— A Volkswagen exploding sunroof class-action lawsuit is hanging on after the automaker filed a motion to dismiss the complaint.
Plaintiff Rosaura Deras filed the lawsuit on behalf of consumers who purchased or leased in California any of the following vehicles equipped with factory-installed sunroofs:
- 2005-2017 Volkswagen Jetta
- 2015-2017 Volkswagen Golf
- 2006-2015 Volkswagen GTI
- 2009-2010 Volkswagen CC
- 2007-2016 Volkswagen Eos
- 2006-2009 Volkswagen Rabbit
- 2012-2017 Volkswagen Passat
- 2004-2006 Volkswagen Touareg
- 2011-2017 Volkswagen Touareg
- 2008 Volkswagen R32
- 2009-2017 Volkswagen Tiguan
According to Deras, she leased a 2013 Volkswagen Jetta in June 2013 and purchased the vehicle on June 3, 2016, at the end of her lease term.
In 2017 while driving on the freeway, she claims a loud “BOOM” like a gunshot went off in the car, followed by a hail of glass falling on her head and the interior of the Volkswagen. She says she saw a large hole in the center of her sunroof with the edges of the glass pointing upward, indicating the glass wasn't broken from outside the vehicle.
The plaintiff says VW has concealed defects in the sunroofs because since December 14, 2009, 57 “owners and lessees of Class Vehicles have reported an incident of their sunroof shattering” to the National Highway Traffic Safety Administration (NHTSA).
According to the plaintiff, VW further knew of the defect through its internal tracking systems and because the automaker issued a recall for its 2013-2015 Beetle.
The recall was issued “relating to the shattering of sunroofs,” but “it has done nothing regarding the far more predominant problem relating to all regular and panoramic sunroof shattering that affects potentially hundreds of thousands or more VW vehicles.”
Volkswagen moved to dismiss the exploding sunroof class-action lawsuit, starting with implied warranty claims on the grounds they are barred by the 4-year statute of limitations.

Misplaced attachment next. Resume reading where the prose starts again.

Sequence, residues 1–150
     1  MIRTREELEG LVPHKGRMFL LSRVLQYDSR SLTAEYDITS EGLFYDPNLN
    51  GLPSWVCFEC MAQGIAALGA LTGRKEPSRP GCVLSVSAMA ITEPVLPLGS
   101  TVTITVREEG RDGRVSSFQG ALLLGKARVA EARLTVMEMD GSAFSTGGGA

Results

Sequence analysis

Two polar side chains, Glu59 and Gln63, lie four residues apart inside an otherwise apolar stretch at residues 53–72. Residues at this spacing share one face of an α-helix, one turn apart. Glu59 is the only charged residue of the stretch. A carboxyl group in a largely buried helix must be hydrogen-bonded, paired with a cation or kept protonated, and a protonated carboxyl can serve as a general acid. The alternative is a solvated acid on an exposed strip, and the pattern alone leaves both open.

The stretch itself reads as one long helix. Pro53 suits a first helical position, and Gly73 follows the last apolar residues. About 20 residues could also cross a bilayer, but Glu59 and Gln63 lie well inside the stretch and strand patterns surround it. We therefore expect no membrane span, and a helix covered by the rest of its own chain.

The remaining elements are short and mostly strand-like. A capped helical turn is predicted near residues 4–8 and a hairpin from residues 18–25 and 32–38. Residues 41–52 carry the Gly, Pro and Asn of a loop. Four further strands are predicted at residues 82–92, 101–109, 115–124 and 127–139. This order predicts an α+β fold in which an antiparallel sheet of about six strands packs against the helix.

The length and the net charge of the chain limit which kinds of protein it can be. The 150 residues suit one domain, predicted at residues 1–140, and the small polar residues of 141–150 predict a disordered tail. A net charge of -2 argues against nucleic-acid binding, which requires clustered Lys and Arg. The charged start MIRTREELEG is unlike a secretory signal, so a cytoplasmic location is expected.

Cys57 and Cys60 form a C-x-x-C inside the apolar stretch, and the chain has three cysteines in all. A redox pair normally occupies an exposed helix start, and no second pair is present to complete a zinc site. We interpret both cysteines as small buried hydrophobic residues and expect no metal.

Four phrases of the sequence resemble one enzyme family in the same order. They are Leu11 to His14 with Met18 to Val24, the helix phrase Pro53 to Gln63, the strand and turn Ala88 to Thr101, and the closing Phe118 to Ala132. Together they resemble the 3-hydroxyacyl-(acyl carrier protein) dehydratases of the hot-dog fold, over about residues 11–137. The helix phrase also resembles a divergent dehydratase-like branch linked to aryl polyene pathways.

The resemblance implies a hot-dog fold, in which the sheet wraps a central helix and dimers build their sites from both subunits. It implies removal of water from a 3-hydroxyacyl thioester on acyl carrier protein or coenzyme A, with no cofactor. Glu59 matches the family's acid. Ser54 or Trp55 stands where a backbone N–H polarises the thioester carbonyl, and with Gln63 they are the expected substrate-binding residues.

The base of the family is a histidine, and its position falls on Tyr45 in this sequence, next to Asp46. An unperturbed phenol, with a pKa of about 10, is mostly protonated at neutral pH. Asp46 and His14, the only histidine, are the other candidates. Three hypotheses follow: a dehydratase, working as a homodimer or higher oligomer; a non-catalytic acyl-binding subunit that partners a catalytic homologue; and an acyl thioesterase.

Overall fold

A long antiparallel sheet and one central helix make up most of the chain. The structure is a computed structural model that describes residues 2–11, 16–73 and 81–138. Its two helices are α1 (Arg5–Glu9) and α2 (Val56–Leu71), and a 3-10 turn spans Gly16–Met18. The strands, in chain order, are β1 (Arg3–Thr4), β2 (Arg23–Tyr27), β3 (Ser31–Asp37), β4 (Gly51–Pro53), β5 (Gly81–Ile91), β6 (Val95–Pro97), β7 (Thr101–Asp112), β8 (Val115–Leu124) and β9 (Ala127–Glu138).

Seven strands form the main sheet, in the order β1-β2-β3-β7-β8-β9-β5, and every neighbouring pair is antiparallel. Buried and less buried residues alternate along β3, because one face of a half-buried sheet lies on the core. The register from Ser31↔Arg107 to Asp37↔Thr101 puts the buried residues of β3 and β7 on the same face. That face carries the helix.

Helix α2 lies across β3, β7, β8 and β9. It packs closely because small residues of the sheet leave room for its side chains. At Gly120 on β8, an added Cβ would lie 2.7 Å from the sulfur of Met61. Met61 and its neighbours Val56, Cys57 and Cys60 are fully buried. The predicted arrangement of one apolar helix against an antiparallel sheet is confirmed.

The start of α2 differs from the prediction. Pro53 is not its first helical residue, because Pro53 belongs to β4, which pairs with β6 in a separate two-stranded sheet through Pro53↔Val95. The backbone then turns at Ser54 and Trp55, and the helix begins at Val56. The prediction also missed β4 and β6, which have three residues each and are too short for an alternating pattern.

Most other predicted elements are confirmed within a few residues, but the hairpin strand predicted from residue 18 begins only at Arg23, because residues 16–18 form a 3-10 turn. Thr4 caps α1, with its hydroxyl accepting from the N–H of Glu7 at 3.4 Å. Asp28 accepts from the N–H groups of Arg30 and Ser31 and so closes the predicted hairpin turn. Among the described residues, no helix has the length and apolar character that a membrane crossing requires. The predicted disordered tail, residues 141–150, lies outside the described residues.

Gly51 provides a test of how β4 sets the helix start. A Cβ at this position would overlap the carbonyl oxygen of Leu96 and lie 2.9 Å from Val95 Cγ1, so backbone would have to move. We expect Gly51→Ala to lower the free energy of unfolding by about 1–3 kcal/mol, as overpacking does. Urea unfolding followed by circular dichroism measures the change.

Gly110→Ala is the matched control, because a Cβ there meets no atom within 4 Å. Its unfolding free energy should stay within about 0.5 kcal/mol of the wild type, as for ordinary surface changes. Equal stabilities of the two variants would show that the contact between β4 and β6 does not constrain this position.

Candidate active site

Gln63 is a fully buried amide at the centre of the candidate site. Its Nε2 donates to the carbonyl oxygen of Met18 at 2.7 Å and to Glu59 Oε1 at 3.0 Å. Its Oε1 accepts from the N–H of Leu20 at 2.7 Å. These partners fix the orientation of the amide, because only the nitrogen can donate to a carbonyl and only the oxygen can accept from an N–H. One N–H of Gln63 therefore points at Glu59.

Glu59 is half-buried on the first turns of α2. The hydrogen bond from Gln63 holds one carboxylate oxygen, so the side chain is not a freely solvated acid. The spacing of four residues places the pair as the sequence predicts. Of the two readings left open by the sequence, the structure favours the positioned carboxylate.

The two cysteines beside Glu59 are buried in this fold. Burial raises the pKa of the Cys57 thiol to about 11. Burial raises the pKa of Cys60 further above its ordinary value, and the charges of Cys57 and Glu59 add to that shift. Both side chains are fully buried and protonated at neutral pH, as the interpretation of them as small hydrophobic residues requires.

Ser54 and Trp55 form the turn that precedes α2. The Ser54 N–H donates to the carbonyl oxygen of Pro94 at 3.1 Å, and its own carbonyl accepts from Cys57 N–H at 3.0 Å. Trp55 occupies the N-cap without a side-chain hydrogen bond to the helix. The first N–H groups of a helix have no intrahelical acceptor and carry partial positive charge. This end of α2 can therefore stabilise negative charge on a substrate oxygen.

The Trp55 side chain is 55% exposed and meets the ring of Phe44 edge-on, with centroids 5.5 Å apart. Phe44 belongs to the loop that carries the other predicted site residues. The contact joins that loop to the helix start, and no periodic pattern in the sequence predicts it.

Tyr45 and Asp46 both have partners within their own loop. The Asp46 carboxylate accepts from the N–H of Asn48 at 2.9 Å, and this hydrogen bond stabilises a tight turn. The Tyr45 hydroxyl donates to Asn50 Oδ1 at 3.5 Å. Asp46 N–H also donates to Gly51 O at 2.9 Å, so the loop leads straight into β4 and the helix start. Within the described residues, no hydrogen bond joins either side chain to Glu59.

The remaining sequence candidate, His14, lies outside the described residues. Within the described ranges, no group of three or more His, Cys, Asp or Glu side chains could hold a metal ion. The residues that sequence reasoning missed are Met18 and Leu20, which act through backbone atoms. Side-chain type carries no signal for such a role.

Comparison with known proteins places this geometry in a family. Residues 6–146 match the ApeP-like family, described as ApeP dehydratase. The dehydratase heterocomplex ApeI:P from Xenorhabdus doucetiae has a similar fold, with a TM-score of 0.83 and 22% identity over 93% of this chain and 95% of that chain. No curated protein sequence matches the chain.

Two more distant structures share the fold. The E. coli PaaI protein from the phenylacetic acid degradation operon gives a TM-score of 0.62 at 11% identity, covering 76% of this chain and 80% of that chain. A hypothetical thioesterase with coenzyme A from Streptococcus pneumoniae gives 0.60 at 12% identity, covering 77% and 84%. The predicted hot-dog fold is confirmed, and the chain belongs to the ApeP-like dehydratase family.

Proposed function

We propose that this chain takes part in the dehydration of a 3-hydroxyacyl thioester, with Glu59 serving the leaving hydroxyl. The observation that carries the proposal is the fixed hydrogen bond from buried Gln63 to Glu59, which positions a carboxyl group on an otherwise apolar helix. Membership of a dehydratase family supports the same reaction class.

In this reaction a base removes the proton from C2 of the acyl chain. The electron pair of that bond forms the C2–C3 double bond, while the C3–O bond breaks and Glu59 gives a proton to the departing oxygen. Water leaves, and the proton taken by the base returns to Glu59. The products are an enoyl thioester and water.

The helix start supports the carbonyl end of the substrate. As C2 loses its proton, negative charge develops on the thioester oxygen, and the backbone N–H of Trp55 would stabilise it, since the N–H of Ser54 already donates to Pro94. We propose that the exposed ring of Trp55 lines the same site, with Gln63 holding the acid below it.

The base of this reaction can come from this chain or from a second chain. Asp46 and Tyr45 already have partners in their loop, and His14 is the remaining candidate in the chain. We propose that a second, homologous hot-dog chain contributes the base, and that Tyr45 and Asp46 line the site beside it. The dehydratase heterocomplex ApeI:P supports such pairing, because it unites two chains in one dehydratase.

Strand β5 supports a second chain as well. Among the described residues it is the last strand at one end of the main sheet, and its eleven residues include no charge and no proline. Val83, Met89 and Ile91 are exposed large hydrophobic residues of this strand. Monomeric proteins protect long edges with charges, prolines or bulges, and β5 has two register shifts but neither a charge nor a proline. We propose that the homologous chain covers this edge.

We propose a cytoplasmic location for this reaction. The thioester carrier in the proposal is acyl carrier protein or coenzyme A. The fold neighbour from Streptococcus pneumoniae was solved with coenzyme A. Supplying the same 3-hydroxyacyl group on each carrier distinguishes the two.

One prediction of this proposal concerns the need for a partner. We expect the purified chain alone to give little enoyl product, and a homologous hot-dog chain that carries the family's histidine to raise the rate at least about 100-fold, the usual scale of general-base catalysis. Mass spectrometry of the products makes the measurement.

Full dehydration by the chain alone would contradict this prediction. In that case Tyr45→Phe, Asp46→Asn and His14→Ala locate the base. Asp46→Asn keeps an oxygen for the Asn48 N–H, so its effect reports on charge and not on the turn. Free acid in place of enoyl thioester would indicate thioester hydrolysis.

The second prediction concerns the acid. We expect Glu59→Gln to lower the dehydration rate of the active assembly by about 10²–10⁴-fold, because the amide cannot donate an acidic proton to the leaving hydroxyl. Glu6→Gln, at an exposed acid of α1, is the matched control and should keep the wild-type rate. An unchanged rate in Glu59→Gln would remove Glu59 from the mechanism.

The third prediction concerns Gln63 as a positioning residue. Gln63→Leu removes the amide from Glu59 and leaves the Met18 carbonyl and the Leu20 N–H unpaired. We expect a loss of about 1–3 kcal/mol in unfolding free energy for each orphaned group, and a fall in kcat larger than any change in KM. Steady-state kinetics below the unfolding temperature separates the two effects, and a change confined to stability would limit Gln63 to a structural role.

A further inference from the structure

The plaintiff doesn't dispute that she did not file the lawsuit within four years of the date on which she leased the vehicle. However, she argues that her claim is timely because her June 2016 purchase re-started the statute of limitations clock. The judge agreed.
Deras also claims she can bring an implied warranty claim because Volkswagen sold her the vehicle, but VW argues the lawsuit never mentions where she actually purchased the vehicle. However, the judge ruled the assumption is the vehicle was purchased from the same dealership that leased it.
However, according to the judge, VW won the argument about a claim of unjust enrichment by arguing the new vehicle warranty precludes the claim.
Concerning the claim that Volkswagen knew about the sunroof problems because of internal monitoring and complaints made to NHTSA, VW says the allegations are not enough to state a claim in court, and the judge agreed.
Deras alleges NHTSA received 57 complaints of shattering sunroofs between December 14, 2009, and April 11, 2017, and that safety regulators monitored the complaints. Of those complaints, 45 were made before Deras purchased her vehicle on June 3, 2016.
But according to the judge, “the Ninth Circuit has held that consumer complaints suffice to establish knowledge only where there were an unusual number of complaints, such that the manufacturer would be on notice of a specific problem.”
The judge also found the plaintiff contends there are “potentially hundreds of thousands or more of VW vehicles with defective sunroofs, so 57 complaints out of hundreds of thousands of vehicles aren't an unusual number of complaints."
"These complaints therefore do not show VW’s knowledge of the alleged defect." - Judge Jon S. Tigar
As for the allegation that Volkswagen knew about the alleged shattering sunroofs because of a previous recall related to sunroofs, the judge ruled Deras has cited no authority, and the judge is aware of none, holding that prior recalls of similar products is enough to establish knowledge of a defect.
Therefore, the judge dismissed claims of violations of California’s unfair competition law, California Consumer Legal Remedies Act and fraud by omission, but with leave to amend the claims.
Overall, the judge dismissed all the claims against Volkswagen except claims related to implied warranties.
The Volkswagen exploding sunroof class-action lawsuit was filed in the U.S. District Court for the Northern District of California - Rosaura Deras, et. al., v. Volkswagen Group of America, Inc.
CarComplaints.com has complaints about the models named in the lawsuit: